Nature Notes from Skye
(and occasionally other places)
Sun 22 May 2005
Today I did my moorland BTO survey square at Glenhinnisdale. This was the third year, and the fifth visit, since there are two visits per year. It was disappointing in that, although conditions were perfect, the usual Stonechat, Whinchat and Golden Plover were absent. Hopefully they will show up on the second visit. The square did yield a Snipe for the first time, but that doesn't really compensate.
Walking back from the survey area I found these mushrooms growing in a patch of Sphagnum.In an ideal world there'd be some way to filter the list of mushrooms for types that grow in Spring and on Sphaghum, but alas there is no short cut of that kind and one can only leaf laboriously through the entire book. Spores rich buff, same colour as gills in pic. Base of stem joined to Sphagnum in several places. Cap shallowly conical with a slight umbo when young. Cap and stipe felt slightly viscid in the field, but did not remain wet after a few hours at home. Stipe smooth, fibrous, flesh inside pale yellowish-brown. Has a faint baked smell, like baked potato but without the potato. Possibly a Galerina species?
And now a cautionary tale. I noted that some of the mushrooms had a dark spot in the centre of the cap, and were a different shade of brown. I assumed these were the same species, since it is so unusual to find mushrooms at all at this time of year that the chance of finding two different species together like this seemed negligible. So I didn't bother to photograph them, but did bring some home, and they proved to be a different species, having white spores. The stipe is grooved and thickened upwards, more or less hollow, fibrous, dark brown. Gills free or at least very adnexed, cap inrolled below when young, striate when older. The spot in the centre of the cap is a dark blotch the colour of the stipe, with no change in height or consistency. Wish I'd taken a photo of them as they're very distinctive when you examine them closely, but I can't find them in the books.
Evening, Portree, Bird Cherry, shade
Tue 24 May 2005
Wed 25 May 2005
Scottish Wildlife Trust boat trip to Soay. If only it had been yesterday, in the nonstop sunshine. The rain, though, was not quite as bad as forecast. At times it dropped to the level of desultory drizzle and I managed to get a few soggy pics of whatever was to hand at such moments. The midges also made photography very difficult, as in those conditions you can only stand still in one place for a few moments before being forced to move on.
As with Rona last year, the island was much more lush and varied than I expected. This is doubtless due to the fact that these islands are not grazed heavily, and nature is given a chance to show what she can do. There is a lot of birch woodland with a rich ground flora including plentiful Hay-scented Buckler Fern, Beech Fern, Wilson's Filmy Fern and Common Cow-wheat, as well as the more usual Bluebells and Anemones. Bilberry is dominant in much of the woodland and also on the moorland beyond it, which is studded with lochs. I saw and heard Red-throated Divers flying overhead more frequently than anywhere else I've known, so while there's no way to be sure it wasn't the same pair every time, I suspect there are at least two pairs breeding on the island.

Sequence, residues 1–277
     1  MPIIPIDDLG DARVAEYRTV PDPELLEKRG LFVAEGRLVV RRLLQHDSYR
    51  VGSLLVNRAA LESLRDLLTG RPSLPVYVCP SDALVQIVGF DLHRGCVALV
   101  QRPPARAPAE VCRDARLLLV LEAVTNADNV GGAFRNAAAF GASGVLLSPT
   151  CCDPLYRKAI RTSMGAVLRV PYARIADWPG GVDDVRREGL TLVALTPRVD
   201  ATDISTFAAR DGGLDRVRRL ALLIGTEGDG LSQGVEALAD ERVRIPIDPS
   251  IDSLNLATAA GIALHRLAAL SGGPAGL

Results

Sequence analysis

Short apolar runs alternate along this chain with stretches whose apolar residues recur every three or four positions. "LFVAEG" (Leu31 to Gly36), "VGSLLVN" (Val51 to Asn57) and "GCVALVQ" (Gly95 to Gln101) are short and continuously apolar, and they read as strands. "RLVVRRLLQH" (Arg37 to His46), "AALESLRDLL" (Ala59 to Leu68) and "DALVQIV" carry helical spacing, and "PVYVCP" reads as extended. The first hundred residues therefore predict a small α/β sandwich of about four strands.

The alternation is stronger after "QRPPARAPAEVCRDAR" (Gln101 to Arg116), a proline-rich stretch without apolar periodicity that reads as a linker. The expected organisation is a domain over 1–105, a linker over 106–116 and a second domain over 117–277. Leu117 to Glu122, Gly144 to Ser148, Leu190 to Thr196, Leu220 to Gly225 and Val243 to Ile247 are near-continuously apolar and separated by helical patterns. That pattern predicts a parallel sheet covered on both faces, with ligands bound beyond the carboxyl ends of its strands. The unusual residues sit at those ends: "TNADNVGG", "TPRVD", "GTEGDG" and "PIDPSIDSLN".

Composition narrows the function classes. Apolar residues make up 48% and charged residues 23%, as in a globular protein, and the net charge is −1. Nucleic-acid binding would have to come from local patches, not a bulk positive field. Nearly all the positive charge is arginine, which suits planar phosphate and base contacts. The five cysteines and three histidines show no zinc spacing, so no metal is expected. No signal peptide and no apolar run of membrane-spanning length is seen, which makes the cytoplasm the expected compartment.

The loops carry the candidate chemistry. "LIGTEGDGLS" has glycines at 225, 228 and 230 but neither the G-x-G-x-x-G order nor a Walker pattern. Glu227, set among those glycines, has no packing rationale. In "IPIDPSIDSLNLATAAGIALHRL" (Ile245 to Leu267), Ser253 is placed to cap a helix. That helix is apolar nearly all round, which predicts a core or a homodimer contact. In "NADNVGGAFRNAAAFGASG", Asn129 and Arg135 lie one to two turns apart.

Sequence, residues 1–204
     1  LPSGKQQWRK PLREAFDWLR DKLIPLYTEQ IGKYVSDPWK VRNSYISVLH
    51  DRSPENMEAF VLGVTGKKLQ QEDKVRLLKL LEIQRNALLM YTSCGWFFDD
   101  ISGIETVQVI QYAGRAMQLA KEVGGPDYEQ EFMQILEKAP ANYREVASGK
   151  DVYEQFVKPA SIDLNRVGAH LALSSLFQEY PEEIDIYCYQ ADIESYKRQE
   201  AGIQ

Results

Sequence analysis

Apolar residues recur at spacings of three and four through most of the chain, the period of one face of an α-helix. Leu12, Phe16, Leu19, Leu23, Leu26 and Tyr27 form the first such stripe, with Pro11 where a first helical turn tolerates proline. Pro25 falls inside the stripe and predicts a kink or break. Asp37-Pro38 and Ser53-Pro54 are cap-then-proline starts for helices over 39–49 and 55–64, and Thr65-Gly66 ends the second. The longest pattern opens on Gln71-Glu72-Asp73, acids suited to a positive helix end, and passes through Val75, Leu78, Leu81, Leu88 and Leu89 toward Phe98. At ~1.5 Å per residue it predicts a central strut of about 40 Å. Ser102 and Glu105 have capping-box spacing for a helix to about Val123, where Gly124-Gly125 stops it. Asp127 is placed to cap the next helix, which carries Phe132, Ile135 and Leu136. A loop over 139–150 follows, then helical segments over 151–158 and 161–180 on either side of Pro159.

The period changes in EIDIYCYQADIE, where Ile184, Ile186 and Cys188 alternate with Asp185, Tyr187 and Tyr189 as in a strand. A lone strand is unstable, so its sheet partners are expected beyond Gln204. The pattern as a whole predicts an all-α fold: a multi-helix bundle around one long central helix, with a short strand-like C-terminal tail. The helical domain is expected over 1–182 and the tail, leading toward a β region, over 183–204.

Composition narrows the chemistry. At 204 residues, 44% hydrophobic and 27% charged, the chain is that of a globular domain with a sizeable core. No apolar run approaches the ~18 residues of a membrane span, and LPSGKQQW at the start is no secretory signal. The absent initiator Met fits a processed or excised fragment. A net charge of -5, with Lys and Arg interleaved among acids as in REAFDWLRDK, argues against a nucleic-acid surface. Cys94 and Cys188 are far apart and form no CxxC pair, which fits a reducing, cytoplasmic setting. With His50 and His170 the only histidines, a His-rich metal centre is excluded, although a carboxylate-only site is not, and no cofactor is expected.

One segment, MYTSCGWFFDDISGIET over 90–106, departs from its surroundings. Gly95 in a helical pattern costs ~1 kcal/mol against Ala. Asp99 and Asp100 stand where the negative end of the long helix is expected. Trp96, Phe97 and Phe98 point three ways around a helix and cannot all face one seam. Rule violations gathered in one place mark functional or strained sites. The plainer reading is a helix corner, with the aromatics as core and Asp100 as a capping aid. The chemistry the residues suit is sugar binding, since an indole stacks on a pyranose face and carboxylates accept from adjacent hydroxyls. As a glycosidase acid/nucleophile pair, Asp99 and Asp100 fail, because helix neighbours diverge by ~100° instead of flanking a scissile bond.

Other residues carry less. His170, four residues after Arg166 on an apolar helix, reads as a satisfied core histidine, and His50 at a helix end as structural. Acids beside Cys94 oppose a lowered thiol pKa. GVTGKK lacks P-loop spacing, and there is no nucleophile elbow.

Young fronds of Hay-scented Buckler Fern beginning to unfurl. On the right is Blackthorn, very uncommon on Skye and a surprise to find on Soay. Only the one bush was found.
Another cautionary tale. After I'd been exploring for a few hours I met another of the party, who asked if I'd seen any Hazel. My mind went blank. The place was full of typical Skye scrub that always has lots of Hazel. But had I actually seen any? Well, I couldn't recall doing so, but then it's not the sort of thing you'd remember. I looked around at the woods - mostly Birch, some Rowan, and bits of Willow here and there...
I eventually found one Hazel bush, and in fact was the only person to do so. It was astonishing that Hazel of all things should be so rare in such a place. And if it hadn't been pointed out to me I might never have noticed. We notice the presence of something unusual, but not always the absence of something usual.
Simplicity and clutter. The elegant Bogbean in one of the hill lochs, and the matted red leaves and silvery spikes of Early Hair Grass.
Climbing Corydalis is quite a scarce plant on Skye so it was nice to find some on Soay. The lichen on the right was a new one to me, and I'm not sure of the ID but suspect Bunodophoron melanocarpum. (Later confirmed).
Just before we left I found this stonking gall on Cow-wheat. It is Puccinia nemoralis, or Cow-wheat Cluster-cup as it's been known to generations of country folk. This is described in British Plant Galls as "very rare", while the BMS database only has 6 records, all from Wales. However I'm told there have been some records from Scotland which are not yet in the database.
I didn't want to leave. One could easily spend a week there, or even a lifetime.
On the way back we saw two Basking Sharks and a Porpoise, but they had to remain unphotographed due to the heavy rain.
All photos and other content copyright © Carl Farmer